Wednesday, 16 January 2013

We all suffer from culture of distrust in the wake of Savile and his seedy kind

WHEN her uncle put his hand up her skirt, the child complained to her grandmother.  Who told her: “Don’t make a fuss, dear, it’s only Uncle Jimmy.” Or words to that devastating effect.
It is a great shame that Jimmy Savile managed to evade justice by dying before his decades-long career as a serial child-abuser came to light. Or was allowed to come to light by all those who must have known, or had some inkling.
Had his 200-plus crimes ever come to court, how many other defendants might there have been? Not, in the vast majority, to face similar charges to the wicked uncle himself, but as accessories before or after the sordid fact.
The posthumous “Savile case” has already cost the BBC a lot of soul-searching, public denunciation and its governor general.
So what should the consequences be for those hospitals and various charitable institutions that we now know provided Savile with more of his victims and more of the venues for them to be assaulted?
And which, in too many cases, assisted in the hushing-up of “Uncle Jimmy’s” predatory behaviour – either from fear of his undoubted influence or, like Grandma, fear of losing a share in the riches his outsize public persona generated.
Revelations of the full extent and nature of Savile’s sins have surely shocked the nation.
One acquaintance tried to tell me Savile’s guilt had been exaggerated and that those of his victims who have come forward since the TV documentary that opened the can of worms were “just trying to cash in”.
That, I’m sure, is a minority view – and a deeply, sickenly wrong one.
It seems to me far more likely that – as the police suggest – the full extent of Savile’s wrong-doing remains hidden because many more real victims have not come forward.
There could be a variety of reasons for them keeping quiet, from long-endured feelings of guilt and humiliation to the sense that ancient history hardly matters now. Some, no doubt, will have gone to their graves before him, their bitter secrets never told.
Amid the national hand-wringing over Savile and the culture in which he flourished, some comfort has been taken in the fact that times have changed.
They surely have – but not entirely for the better.
Yes, the routine objectifying and humiliation of women and children – both physically and verbally – is, thankfully, no longer socially acceptable as it once was.
But an important baby has been thrown out along with that bathwater.
In these paedophile-obsessed times it is no longer professionally safe for a teacher to comfort a crying child with an arm around the shoulder.
By that sad fact alone the child, the teacher and all of us are made poorer, and sadder.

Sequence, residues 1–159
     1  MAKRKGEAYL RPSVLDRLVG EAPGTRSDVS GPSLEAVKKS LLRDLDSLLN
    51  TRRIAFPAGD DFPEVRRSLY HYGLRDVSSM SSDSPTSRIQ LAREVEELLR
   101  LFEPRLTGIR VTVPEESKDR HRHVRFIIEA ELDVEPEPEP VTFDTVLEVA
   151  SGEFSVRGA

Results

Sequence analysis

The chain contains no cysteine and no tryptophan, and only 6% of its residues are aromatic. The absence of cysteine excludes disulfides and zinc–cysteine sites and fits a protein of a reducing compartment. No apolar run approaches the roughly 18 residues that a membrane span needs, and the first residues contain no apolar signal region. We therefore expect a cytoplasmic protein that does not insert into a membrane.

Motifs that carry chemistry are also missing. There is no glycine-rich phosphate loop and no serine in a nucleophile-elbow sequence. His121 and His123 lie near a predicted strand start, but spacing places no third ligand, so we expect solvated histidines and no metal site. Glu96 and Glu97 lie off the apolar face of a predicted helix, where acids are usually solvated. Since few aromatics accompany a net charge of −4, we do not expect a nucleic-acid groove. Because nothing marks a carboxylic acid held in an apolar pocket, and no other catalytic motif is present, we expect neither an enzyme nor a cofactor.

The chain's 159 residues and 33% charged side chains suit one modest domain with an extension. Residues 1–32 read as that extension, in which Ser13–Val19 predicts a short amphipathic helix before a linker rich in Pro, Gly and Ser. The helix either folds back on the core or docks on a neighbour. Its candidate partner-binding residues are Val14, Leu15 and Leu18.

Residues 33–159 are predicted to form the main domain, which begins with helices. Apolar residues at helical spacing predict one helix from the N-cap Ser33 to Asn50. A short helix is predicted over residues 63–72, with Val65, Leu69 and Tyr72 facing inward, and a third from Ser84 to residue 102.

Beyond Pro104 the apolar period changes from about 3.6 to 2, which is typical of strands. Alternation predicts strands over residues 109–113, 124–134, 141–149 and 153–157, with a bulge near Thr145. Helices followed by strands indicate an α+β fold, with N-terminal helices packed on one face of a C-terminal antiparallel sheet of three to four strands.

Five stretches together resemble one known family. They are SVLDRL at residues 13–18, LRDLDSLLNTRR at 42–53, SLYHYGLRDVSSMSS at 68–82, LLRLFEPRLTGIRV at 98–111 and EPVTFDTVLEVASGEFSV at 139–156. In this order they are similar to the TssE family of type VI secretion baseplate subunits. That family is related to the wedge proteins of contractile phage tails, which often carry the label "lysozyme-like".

It weakens the relationship of genuine care between young people and adults who might be as far from Savile-like proclivities as I am from flying unaided to the moon.
It’s part of the same altered culture that leaves teachers vulnerable to disrespect from parents as well as pupils.
And it’s not only teachers who suffer from this climate of seedy distrust. In effect, it’s all of us.
It’s an impoverishment of our whole sense of community. An assault upon the old value of “loving one’s neighbour as oneself”.
And while one cannot pin the whole change in the culture on Jimmy Savile, I think one can hold him – and those who for so many years let him get away with his nauseating behaviour – partly responsible.
If I believed in Hell, I would be tempted to hope he rots there forever.
I rather hope he believed in it himself.


ALL India was horrified, as well it might be, by the attack on December 16 that left a 23-year-old woman dead after being gang-raped on a moving bus.
It’s hard to put the extent of one’s revulsion into words.
But I am also made uneasy by the way it has put “rape in India” onto the news agenda of the world.
There is – tragically – too little newsprint and too little air-time to report in every paper and on every radio bulletin every rape that happens anywhere in the world. So why all the attention on India?
In the words of last Friday’s New York Times, the December murder “has become a symbol of all that is wrong with how India treats its women and girls”.
Fair enough. In India.
But the debate in New York – or here – should be about such issues everywhere, not reported as if the problem was unique to the sub-continent. Sadly, it isn’t.
One shock headline revealed that there are, apparently, 14 rapes in Mumbai every day. Which sounds a lot – 14 more than would be acceptable.
But according to British Crime Survey figures it is about a fifth of the rate rape in Britain, where 230 rapes a day are recorded (Britain’s population is about three and a half times that of Mumbai).
Of course, it may depend on exactly how you define rape. And, perhaps more pertinently, on how prepared its victims are to report it.
But even such reasonable doubts about the statistics show how complex this whole issue is. And that it shouldn’t be ghettoised as purely an Indian problem.

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